Definition of hit

To create contact with the cue ball or an object ball.

24 Random Essential Billiards Terms

Used in snooker in reference to the position of the cue ball. It is "below" the object ball if it is off-straight on the top cushion side of the imaginary line for a straight pot (e.g. he will want to finish below the black in order to go into the reds).
Local Bylaws are additional rules, policies, and procedures unique to an area in addition (or subtraction) to established Pool/Billiards/Snooker league rules. They are designed to cover local situations.
This is when a ball is spotted because of a foul or a handicap.
You can cheat the pocket by angling your shot to go in at the right or left of the pocket opening when sinking a shot. This permits the cue ball to strike the object ball at a different contact point than the most obvious one.
Having the cue ball stop precisely where intended.
Having the cue ball stop at or near the center of the table on a forceful break shot (the breaking ideal in many games such as nine-ball);
Also pills, tally balls and shake balls. Small, round markers typically numbered 1 through 15 or 16, which are placed in a bottle for various random assignment purposes, such as in a tournament roster, to assign order of play in a multiplayer game, or to assign particular balls to players in games such as kelly pool.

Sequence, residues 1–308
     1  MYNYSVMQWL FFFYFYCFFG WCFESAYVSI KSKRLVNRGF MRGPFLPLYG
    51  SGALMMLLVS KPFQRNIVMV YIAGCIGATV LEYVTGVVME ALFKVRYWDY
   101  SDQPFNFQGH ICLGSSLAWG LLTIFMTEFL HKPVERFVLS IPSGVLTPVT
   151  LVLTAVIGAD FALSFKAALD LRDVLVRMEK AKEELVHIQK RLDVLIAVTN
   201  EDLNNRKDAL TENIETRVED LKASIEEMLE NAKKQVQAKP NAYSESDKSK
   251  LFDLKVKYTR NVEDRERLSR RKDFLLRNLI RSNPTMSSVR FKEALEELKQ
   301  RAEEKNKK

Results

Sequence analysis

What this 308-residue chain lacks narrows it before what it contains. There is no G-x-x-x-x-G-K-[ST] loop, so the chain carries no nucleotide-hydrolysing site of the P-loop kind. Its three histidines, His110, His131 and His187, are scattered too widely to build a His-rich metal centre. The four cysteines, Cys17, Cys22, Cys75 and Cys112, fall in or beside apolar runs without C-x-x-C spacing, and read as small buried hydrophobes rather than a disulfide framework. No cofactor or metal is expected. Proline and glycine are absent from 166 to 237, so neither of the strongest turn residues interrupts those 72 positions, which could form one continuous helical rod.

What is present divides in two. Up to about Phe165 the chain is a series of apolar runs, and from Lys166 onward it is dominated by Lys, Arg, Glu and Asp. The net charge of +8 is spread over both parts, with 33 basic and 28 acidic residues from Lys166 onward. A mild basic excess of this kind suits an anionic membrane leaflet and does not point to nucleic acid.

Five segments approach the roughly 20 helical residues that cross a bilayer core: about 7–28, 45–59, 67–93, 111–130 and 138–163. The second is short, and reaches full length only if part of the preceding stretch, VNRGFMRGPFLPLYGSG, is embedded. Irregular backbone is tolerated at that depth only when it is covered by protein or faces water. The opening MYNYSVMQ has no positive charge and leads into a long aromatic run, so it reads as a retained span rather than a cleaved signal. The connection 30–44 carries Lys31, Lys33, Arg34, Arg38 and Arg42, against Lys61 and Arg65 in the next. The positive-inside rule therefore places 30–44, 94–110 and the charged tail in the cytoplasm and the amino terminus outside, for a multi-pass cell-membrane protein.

This refers to the distance of deflection that the ball comes off of the cue stick after a hit is applied with side spin on it.
To contact the chosen object ball in such a way to make it bank off a rail before being pocketed.
Artistic pool is a trick shot competition, inspired by the related discipline of artistic billiards.
This is a slang term created by Freddy Bentivegna to refer to a cluster of balls on your side of the table that do not lend to easy pocketing in a game of one pocket.
A predetermined number of games, usually played for a specified sum of money. Contrast race (a predetermined number of wins). Informally, sets may refer to gambling more generally, as in "I've been playing sets all day", even when the format is actually races or single games.
The table reserved for games played for money or the best table in the house. This table is always of better quality and regularly maintained. Money tables are most commonly reserved for big action.
Nine Pin (also known as Goriziana) is a carom billiards game. The game has nine pins in the center of a table. It is played by two teams of 1 or 2 players. Three balls are used of which two are cue balls. Each team (or each player) aims to hit their opponent's ball and from there score points by hitting onto the red ball and also by making the opponent's and/or the red ball knock over the pins.
To play even; without a handicap. Also called heads up.
This is the act of disturbing you opponents good looking balls in the hope that they might move over and help you out in the game of one pocket.
Same as solids, in New Zealand. Compare little, small, reds, low, spots, dots; contrast overs.
Sandbagging, in any handicapped sport, is the unethical practice of deliberately playing below your ability in order to alter your handicap so it does not reflect your true ability.